Editorials ~ Sonoma Valley Sun

Sonoma Valley Sun


The changing face of housing in Sonoma

Posted on June 1, 2023 by Sonoma Valley Sun

For the first time in its history, the City of Sonoma has enacted land-use legislation that mandates the construction of housing when commercial development is built on parcels over one-half acre in size. In such cases, the housing square footage built must be equal to that of the commercial square footage. Moreover, 25 percent of that mandated housing must meet the city’s affordability requirements, including units for low and very-low incomes.

For nearly twenty years the city has permitted the inclusion of housing in commercial developments. However, commercial parcels and their parking lots continue to serve only a daytime purpose and are essentially all but abandoned at night. The city’s new Housing Component regulations mean that, in the future, large commercial developments will no longer be darkened and empty when daytime shopping ends. Regulations that once read that housing “should” be built now read “shall.” The multi-family housing that will be created will help satisfy both missing-middle and lower income categories and will enliven spaces that otherwise sit quiet and empty when business hours end.

Although required of developers, Sonoma’s Housing Component can be partially or entirely satisfied through the payment of a Housing Component in-lieu fee to the city’s Affordable Housing Trust Fund. This option is available, however,  only after it is determined that housing is deemed infeasible by the Planning Commission and/or City Council due to an existing condition, incompatible use, or disqualifying circumstance.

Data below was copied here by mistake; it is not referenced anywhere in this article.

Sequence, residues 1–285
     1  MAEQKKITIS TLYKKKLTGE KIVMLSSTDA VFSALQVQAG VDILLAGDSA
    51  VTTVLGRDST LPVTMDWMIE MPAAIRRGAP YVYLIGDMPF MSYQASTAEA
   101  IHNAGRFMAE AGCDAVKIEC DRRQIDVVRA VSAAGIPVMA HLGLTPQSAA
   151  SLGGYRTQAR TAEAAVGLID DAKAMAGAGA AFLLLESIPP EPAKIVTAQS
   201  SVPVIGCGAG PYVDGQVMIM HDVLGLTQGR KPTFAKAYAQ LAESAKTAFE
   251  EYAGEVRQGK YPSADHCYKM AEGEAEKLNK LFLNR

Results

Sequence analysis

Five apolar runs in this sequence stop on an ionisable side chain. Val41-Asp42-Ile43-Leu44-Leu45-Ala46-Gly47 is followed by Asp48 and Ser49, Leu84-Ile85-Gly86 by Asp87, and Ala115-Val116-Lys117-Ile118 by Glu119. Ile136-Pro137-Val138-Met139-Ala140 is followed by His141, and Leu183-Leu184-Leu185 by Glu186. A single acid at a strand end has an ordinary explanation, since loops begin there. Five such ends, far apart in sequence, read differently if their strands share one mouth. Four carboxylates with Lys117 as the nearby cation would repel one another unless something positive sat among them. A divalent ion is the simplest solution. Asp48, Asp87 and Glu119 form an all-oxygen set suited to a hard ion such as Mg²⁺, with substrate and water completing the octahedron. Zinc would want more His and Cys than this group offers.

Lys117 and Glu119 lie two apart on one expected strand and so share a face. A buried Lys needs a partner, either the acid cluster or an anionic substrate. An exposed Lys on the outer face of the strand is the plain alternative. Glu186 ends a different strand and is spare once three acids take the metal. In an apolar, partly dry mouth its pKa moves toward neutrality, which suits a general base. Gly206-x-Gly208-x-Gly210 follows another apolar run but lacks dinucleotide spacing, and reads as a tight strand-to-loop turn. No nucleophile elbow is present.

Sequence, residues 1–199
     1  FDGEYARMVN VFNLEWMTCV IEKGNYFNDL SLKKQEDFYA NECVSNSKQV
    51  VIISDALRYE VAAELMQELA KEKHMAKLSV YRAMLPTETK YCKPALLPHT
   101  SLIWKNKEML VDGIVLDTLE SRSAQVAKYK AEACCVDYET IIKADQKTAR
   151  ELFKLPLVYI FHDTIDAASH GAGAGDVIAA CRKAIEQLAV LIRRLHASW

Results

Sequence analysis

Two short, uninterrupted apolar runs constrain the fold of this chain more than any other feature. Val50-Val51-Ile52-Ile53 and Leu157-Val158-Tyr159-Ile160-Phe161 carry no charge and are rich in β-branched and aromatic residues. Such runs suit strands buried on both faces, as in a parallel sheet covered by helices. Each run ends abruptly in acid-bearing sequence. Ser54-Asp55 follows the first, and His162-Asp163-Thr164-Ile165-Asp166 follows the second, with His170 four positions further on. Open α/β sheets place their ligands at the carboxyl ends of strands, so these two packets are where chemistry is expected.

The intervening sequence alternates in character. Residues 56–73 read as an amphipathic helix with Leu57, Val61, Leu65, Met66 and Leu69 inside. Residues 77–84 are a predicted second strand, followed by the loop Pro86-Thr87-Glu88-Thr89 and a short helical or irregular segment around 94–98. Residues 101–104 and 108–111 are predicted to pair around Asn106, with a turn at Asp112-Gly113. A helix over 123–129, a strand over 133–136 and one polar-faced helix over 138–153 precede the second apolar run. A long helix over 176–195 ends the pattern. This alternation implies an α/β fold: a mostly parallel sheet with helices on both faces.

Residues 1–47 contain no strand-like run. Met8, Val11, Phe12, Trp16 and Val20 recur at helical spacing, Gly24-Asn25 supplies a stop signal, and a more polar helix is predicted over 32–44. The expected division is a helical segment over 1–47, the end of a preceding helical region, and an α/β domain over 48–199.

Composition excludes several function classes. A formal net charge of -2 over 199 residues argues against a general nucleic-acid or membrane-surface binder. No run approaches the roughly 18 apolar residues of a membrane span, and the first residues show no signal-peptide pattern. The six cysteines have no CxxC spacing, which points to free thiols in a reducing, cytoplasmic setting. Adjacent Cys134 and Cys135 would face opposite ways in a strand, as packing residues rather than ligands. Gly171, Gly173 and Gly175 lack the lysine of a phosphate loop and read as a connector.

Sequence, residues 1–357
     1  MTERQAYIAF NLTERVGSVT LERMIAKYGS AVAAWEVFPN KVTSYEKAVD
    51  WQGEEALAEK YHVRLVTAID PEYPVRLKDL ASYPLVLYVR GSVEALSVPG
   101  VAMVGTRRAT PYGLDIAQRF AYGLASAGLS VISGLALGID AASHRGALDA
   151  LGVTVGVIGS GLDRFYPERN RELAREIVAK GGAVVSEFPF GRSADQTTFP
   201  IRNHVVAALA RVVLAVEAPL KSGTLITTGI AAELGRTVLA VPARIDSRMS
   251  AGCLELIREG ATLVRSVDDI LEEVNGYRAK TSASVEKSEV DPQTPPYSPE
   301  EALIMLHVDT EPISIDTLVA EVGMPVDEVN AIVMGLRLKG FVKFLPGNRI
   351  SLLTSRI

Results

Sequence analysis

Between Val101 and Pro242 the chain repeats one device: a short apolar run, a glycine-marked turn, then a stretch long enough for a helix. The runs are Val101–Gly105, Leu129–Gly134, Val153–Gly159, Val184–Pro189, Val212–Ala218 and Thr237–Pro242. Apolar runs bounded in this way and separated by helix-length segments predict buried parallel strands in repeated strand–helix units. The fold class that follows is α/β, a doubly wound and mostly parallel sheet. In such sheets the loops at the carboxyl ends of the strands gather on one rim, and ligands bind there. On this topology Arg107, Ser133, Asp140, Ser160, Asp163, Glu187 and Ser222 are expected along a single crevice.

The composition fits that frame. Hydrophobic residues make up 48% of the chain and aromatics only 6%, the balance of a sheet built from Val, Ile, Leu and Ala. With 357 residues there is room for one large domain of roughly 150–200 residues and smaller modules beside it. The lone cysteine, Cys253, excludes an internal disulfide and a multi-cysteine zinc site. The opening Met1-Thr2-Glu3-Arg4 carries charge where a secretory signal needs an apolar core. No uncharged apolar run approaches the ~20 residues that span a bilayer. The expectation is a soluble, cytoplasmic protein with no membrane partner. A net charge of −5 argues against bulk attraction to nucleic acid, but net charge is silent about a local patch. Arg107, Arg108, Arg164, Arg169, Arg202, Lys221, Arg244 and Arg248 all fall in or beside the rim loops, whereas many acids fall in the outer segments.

The fee is not a simple or convenient way for developers to opt out the Housing Component. It is a last resort, and a high-bar must be met to qualify. The same provisions apply to parcels located in Mixed-Use zones.  

The City of Sonoma is too small to continue to develop by strictly separating housing and commercial uses; the land is too expensive, and our recently voter-renewed Urban Growth Boundary prohibits urban sprawl into open space. By building housing where people work, commuting will be reduced, along with the greenhouse gasses it produces. There’s no reason why hotels and shopping centers can’t include housing, and with the adoption of the Housing Component regulations, from now on they will. In the future we might even see multi-family housing and apartments added to existing commercial locations, such as strip centers. 

Sonoma’s recently adopted Housing Element, now certified by the State Housing Authority, outlines goals and policies that facilitate housing creation at all income levels within the city, particularly for low- and middle-income households. These new Mixed-Use and Commercial Housing Component requirements represent a significant implementation measure that supports Housing Element goals. Additionally, new state housing laws now permit increased density in what have been low-density housing zones. The full effects of the Housing Component regulations and other state-mandated housing regulation changes won’t be felt immediately, of course, but will incrementally affect our city’s future housing diversity as new development ensues. 

For far too long, large commercial developments that create an increased need for service workers have been approved without requiring any new housing. Through the efforts of the city’s Planning Commission and City Council, that era has now ended, and we applaud and support Sonoma’s efforts to balance commercial development with new, and more affordable, housing. 

— Sun Editorial Board

Sonoma Sun | Sonoma, CA